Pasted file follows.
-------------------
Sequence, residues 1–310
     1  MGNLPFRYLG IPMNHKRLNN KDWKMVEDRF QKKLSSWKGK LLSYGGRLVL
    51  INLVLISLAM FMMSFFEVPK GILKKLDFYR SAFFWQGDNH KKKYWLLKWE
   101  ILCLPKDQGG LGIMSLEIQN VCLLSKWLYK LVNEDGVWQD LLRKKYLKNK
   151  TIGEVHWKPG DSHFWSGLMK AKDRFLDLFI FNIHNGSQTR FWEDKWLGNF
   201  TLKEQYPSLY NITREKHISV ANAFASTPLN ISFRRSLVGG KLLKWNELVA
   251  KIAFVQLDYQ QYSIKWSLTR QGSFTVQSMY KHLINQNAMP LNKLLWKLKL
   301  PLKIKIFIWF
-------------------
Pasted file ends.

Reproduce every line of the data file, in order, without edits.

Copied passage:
Sequence, residues 1–310
     1  MGNLPFRYLG IPMNHKRLNN KDWKMVEDRF QKKLSSWKGK LLSYGGRLVL
    51  INLVLISLAM FMMSFFEVPK GILKKLDFYR SAFFWQGDNH KKKYWLLKWE
   101  ILCLPKDQGG LGIMSLEIQN VCLLSKWLYK LVNEDGVWQD LLRKKYLKNK
   151  TIGEVHWKPG DSHFWSGLMK AKDRFLDLFI FNIHNGSQTR FWEDKWLGNF
   201  TLKEQYPSLY NITREKHISV ANAFASTPLN ISFRRSLVGG KLLKWNELVA
   251  KIAFVQLDYQ QYSIKWSLTR QGSFTVQSMY KHLINQNAMP LNKLLWKLKL
   301  PLKIKIFIWF